There was, for example, the leak of MİT documents showing Turkish support of Al Qaeda. And, rather than give medals to the Turkish soldiers who intercepted truckloads of weaponry destined for Syrian radicals, Erdoğan ordered their arrest. These are among the topics that the Erdoğan regime has forbidden the Turkish media from reporting.
The problem appears two-fold. First, Erdoğan sympathizes ideologically with the Islamic State. That may sound preposterous; after all, Erdoğan is the elected leader of a NATO member, but evidence regarding his antagonism to the West and a more secular order is overwhelming. And, secondly, Erdoğan is antagonistic to Kurds. The peace process was about politics. Erdoğan derived great benefit both domestically and abroad for appearing sincere in his efforts to end old animosities. This was a cynical ploy, however. Like Atatürk, Erdoğan is perfectly happy to embrace Kurds so long as they abandon their ethnic identity. The only difference between the two is that Atatürk wanted Kurds to subordinate their identity to Turkish nationalism while Erdoğan expected them to subordinate themselves to a common religious identity.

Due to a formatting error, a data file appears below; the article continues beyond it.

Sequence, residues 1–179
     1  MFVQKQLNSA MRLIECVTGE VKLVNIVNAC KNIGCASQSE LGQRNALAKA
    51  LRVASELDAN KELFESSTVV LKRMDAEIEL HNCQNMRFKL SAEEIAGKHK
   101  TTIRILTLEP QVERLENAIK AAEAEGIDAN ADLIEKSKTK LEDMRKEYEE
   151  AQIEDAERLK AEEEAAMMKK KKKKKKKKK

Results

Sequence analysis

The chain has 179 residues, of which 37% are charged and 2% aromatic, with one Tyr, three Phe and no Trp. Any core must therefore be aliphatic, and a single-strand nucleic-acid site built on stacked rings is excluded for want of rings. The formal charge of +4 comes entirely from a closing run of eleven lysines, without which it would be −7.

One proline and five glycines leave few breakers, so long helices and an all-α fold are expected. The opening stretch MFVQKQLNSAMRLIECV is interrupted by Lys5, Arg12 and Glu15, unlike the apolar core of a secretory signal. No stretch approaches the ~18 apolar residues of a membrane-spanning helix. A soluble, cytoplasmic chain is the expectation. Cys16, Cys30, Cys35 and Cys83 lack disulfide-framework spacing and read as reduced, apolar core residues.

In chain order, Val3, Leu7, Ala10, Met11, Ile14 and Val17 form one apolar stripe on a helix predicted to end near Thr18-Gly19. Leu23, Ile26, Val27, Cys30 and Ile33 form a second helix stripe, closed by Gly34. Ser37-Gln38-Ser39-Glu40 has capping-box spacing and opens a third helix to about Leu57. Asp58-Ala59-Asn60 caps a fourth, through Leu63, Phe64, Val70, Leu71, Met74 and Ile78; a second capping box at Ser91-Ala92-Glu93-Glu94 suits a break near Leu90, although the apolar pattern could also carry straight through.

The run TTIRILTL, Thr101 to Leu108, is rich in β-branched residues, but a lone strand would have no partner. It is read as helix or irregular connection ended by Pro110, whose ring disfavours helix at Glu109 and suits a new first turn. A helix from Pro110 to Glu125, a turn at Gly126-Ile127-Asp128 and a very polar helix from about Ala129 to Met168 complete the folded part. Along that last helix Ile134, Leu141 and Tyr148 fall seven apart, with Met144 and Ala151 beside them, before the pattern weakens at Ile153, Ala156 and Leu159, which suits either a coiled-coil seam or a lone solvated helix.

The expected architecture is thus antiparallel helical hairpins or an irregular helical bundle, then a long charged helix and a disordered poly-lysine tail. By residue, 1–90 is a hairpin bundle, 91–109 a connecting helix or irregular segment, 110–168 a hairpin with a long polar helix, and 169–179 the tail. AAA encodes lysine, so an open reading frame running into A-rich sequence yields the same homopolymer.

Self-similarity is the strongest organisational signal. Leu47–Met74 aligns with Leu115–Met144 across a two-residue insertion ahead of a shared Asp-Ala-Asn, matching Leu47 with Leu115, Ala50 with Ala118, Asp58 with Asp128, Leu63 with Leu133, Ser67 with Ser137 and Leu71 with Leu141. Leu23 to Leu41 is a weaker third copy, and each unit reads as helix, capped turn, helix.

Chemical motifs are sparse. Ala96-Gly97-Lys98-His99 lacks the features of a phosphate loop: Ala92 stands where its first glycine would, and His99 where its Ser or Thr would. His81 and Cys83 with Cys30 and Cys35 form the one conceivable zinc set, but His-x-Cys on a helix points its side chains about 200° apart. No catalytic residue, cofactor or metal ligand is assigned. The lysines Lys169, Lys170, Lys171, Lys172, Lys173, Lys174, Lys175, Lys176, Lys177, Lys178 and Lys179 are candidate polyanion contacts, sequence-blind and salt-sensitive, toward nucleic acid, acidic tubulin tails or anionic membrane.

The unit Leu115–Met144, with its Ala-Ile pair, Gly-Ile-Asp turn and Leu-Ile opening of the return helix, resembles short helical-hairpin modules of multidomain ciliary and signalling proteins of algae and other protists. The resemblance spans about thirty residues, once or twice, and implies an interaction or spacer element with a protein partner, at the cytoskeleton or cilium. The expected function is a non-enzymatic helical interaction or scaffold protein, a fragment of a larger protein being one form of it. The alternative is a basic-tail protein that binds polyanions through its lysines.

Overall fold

As to evidence of Erdoğan’s antagonism toward the Kurds: There was the unresolved Roboski massacre, as well as overwhelming evidence—including telephone intercepts—showing Turkish security to be behind the assassinations of three Kurdish activists in Paris, France.
More than nine months ago, President Barack Obama promised to “degrade and ultimately destroy” the Islamic State. Despite ordering airstrikes against Islamic State targets, it is unclear whether Obama is committed to doing what it will take to fulfill his pledge. Obama is right, however, that military strategies alone will not lead to victory. There must be a diplomatic component as well.
Diplomacy isn’t simply about talking to one’s partners and adversaries; it is also about achieving goals that cannot or should not be achieved militarily. If the defeat of the Islamic State is a goal — and, given the terrorist attacks of today it must be—then part of a comprehensive diplomatic strategy must be the end of the Erdoğan era. The recent elections — despite the false and naïve optimism of some journalists — were not a “body blow” to Erdoğan but rather a hiccup. If no coalition can be formed, Turkey will head into new elections, ones in which Erdoğan will take no chances.